So, you need a website? Awesome. I have lots of questions.
Would you like it to feel approachable, clean, easy to use, professional but personable, engaging, creative, and unique, but still accessible?
How about comprehensive brand representation, streamlined content geared towards impacting your audience, and a mixture of photography and illustration to convey a sense of culture and empowerment?
Do you want it to have clear calls to action, be engaging and interactive without being too crazy, load quickly, be responsive on phones and tablets, integrate with your marketing campaigns, be built on a CMS that is easy to use, and, ultimately, boost conversions to a new level?
YES! We want that for you, too. (Hell, we want that for ourselves.)
It is our job to take a crash course on YOU and your audience, and to be able to tell that story better and to more people. To do that, we have a process that we customize for you, but which almost always contains certain high-level phases.
But before we get to that, think about it for a minute:
How clear are you on, for example, what your key messaging is, or which visuals best represent your culture or your product?
Do you have full stakeholder buy-in for all the subject matter areas that will be covered on your site?
How long would it take you not only to figure out what you think the content should be, but also to get those internal approvals?
Even Focus Lab and agencies like ours have to think long and hard about how to tell our stories best, and that endeavor is our bread and butter. We wouldn’t expect you to understand all of what we do and get inside the heads of our audiences in just a few weeks, yet doing that and all the other line items in our proposals are critical to educating us for however long it takes to put ourselves in your shoes.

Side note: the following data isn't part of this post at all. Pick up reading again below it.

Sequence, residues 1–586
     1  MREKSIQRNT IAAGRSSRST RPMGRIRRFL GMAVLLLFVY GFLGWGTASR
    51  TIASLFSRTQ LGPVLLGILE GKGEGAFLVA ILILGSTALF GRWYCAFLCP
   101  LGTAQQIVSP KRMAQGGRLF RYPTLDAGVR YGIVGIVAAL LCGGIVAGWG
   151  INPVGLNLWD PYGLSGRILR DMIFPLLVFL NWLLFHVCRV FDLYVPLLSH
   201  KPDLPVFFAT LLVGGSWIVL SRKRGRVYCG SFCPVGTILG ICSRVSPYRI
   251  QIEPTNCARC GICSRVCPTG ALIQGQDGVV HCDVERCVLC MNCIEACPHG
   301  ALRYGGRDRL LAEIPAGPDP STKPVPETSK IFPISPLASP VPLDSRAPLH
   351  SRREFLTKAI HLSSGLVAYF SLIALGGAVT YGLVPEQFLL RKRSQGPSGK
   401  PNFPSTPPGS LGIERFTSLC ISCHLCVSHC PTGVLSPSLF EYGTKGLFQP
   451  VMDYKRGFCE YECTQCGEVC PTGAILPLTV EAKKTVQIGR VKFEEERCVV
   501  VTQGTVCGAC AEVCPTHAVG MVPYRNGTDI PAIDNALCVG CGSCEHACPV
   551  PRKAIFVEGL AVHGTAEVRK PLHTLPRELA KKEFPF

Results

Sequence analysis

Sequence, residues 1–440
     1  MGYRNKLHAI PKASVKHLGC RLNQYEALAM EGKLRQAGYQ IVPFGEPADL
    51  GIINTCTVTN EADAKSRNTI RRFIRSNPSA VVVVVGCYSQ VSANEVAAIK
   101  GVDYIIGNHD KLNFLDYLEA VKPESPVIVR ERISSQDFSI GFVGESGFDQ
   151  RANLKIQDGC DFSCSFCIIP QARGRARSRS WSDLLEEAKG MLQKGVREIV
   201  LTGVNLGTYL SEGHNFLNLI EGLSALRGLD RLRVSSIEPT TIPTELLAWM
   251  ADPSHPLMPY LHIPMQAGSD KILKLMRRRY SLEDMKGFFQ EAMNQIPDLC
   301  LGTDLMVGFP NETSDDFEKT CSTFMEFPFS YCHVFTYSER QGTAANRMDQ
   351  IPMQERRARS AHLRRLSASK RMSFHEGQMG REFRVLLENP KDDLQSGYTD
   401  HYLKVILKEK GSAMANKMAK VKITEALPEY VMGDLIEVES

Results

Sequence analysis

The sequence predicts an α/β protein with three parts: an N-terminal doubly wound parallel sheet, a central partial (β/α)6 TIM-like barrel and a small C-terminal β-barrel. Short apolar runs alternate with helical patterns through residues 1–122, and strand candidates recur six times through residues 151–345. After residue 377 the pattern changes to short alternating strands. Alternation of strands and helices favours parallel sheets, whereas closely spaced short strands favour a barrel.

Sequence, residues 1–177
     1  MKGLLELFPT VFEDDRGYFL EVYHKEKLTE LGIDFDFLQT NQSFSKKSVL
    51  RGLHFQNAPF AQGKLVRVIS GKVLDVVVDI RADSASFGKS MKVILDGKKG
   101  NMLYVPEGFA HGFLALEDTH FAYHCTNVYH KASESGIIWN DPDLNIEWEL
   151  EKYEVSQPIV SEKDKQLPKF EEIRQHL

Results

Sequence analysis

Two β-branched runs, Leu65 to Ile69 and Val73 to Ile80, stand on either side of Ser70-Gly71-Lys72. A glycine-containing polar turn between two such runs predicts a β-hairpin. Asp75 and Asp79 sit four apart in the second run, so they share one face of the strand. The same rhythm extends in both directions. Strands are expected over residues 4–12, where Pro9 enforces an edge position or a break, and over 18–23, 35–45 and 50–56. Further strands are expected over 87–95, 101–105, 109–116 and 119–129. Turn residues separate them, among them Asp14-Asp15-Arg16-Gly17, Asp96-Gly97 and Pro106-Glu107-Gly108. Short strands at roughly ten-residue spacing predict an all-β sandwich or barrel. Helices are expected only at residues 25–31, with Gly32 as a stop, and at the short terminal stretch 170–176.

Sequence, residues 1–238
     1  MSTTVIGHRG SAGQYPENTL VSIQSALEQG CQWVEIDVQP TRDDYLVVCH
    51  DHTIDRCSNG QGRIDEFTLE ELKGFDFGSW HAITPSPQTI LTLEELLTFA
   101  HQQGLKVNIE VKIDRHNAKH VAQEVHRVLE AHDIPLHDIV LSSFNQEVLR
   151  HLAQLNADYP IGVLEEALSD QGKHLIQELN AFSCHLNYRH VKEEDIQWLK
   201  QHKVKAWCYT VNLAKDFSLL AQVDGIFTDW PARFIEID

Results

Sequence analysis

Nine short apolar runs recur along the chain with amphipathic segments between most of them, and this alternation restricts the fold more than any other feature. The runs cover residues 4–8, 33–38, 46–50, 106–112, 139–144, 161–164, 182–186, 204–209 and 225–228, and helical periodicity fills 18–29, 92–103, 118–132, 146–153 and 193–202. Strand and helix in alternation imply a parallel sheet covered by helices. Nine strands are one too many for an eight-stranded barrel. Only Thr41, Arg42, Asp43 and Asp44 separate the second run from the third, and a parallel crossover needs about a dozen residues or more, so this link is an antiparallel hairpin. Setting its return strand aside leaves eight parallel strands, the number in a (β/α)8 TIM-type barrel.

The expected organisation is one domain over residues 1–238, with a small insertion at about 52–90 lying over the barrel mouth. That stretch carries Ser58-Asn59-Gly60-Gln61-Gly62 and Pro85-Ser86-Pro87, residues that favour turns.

I’m here to explain a little bit about why creating the perfect online experience of your brand, product and/or company should take some time, and possibly more than you expect it to.
We wouldn’t expect you to understand all of what we do and get inside the heads of our audiences in just a few weeks, yet doing that...[is] critical to educating us for however long it takes to put ourselves in your shoes.
Yes, the familiar metaphor, the fact that the part of an iceberg that is visible above the water’s surface generally represents only about 10% of the whole berg mass, pretty much applies here.
And not just because of all the code and the other mysterious working parts of web things, but also because it takes time, inside of an ordered process, to truly understand how to achieve all those wonderful outcomes above specifically for you.
BELOW THE SURFACE
Lucky for me, I was able to invent some math that is definitely not official but will help us understand what the other 90% is all about. Here’s the theoretical breakdown of the steps we consider, with only broad, non-exhaustive descriptions, before your site gets to live in the wild.
The widest part of the iceberg, getting to know you, understanding how you work, and forging a good working relationship, are foundational to the success of your project. Building trust and open lines of communication takes time, and we are committed to it.
Outcomes: warm fuzzies, fun and productive meetings.
Learn about the importance of a good sussing out in this other post.
Outcomes: documentation and project plan.
10% Information Architecture
Generally, information architecture as we refer to it here is taking stock of the breadth and depth of your content, then cataloguing and re-organizing it (if needed) to create logical structure and aid comprehension both on the front-end and behind-the-scenes.